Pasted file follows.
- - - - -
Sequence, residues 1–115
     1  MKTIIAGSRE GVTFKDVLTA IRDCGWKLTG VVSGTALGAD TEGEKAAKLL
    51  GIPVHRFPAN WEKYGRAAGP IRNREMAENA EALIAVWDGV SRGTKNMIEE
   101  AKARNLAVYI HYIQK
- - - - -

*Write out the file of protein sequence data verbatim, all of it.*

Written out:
Sequence, residues 1–115
     1  MKTIIAGSRE GVTFKDVLTA IRDCGWKLTG VVSGTALGAD TEGEKAAKLL
    51  GIPVHRFPAN WEKYGRAAGP IRNREMAENA EALIAVWDGV SRGTKNMIEE
   101  AKARNLAVYI HYIQK